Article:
sample data

I am trying to run a logistic regression on a data set where my dependent variable is a proportion of a binary variable, rather than the binary variable itself. I have seen a ton of documentation that says this is possible, but I am having trouble finding an example of how to actually do it. I am open to using scikit learn, statsmodels, or any other library that will do it.

I have added a photo showing a simplified version of my data.

successes here is just a count of a binary (1/0) outcome. instead of having the individual observations, I only have them rolled up, but my understanding is that it is still a logistic regression problem. I want to predict the dependent variable 'proportion' based on the features. I understand this conceptually, but am just trying to find an example of this in python. all of the examples I have seen assume a binary dependent variable.

your help is appreciated!

  • $\begingroup$ I'm voting to close this question as off-topic because this is just binomial regression - see stats.stackexchange.com/questions/208213/… Note the inputs there are not just the proportion but the two columns of attempts and successes, because the more attempts there are, the lower the variance on the estimate of the proportion. $\endgroup$
    – Spacedman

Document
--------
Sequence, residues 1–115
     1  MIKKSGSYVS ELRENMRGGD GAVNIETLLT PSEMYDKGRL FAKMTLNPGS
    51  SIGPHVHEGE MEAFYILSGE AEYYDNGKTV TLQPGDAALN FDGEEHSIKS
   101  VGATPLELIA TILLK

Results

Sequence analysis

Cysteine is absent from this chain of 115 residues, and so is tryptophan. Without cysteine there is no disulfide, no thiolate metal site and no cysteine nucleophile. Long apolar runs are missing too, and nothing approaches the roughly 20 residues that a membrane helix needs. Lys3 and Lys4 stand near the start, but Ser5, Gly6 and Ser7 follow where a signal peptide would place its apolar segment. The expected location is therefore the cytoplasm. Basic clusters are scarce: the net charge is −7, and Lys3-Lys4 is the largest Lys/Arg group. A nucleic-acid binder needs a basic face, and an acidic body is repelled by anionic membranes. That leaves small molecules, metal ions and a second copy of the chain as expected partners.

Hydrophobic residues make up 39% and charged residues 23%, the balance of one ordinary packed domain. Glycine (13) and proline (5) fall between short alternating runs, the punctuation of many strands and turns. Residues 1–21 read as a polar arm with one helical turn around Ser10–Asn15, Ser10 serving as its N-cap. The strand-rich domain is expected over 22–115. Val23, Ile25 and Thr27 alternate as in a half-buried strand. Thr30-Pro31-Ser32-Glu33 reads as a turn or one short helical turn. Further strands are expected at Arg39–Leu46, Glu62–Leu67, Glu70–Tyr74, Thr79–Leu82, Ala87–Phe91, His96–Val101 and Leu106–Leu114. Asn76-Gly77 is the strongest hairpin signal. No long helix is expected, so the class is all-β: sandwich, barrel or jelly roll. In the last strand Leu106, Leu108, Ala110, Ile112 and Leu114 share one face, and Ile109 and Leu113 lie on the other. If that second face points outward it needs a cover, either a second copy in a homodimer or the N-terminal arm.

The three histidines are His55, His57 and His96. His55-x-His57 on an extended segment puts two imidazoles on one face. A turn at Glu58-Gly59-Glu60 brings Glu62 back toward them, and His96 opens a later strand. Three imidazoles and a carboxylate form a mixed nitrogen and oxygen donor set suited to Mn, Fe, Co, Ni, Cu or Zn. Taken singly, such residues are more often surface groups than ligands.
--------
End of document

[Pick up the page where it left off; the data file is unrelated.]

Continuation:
Dec 5, 2016 at 23:12
  • $\begingroup$ I think this could be on topic here or on Cross Validated. It's in the overlap. $\endgroup$
    – Sean Owen
    Dec 6, 2016 at 4:33

1 Answer 1


As the link by @Spacedman shows, binomial regression works well. If you don't have the attempts and successes but, instead, have just the proportion, then you'll want to use beta-regression. After a little digging, it doesn't seem like this is available in Python. Here's a blog post demoing it in R.

  • $\begingroup$ I do have the attempts and successes, as shown in my data pic. I'd really like to do the logistic regression, not the binomial regression. And I def can't do it in R. I have talked to two data scientists who were convinced this was possible in Python, but they didn't know where to find a specific example. $\endgroup$
    – tarastar42
    Dec 6, 2016 at 1:00
  • $\begingroup$ Then what @Spacedman linked you to is the correct path. Alternatively, you could predict whether or not a single observation was a success or not, which is where you could use Logistic Regression. To do that, you'd have to unfold the data from group 1, ..., to Observation 1 in Group 1, Observation 2 in Group 1, etc. $\endgroup$ Dec 6, 2016 at 1:53
  • $\begingroup$ @tarastar42 perhaps you should have talked to two statisticians instead of data scientists. There's no point doing this as a logistic regression unless you have individual level features (ie they were possibly different for each trial). Its not a logistic regression, its a binomial regression, in the same way that modelling count data (eg number of cars past the bus stop every minute) is a Poisson regression. These are all just types of Generalised Linear Model. $\endgroup$
    – Spacedman
    Dec 6, 2016 at 8:20
  • $\begingroup$ @Spacedman hits the nail on the head, you really shouldn't model it as a Logistic regression because it just increases the computational cost and understates the uncertainty of your predictions (since it'll artificially increase your sample size). You certainly can do it but it's like using a wrench to hammer in a nail; it works but isn't the best tool for the job. $\endgroup$ Dec 6, 2016 at 8:55

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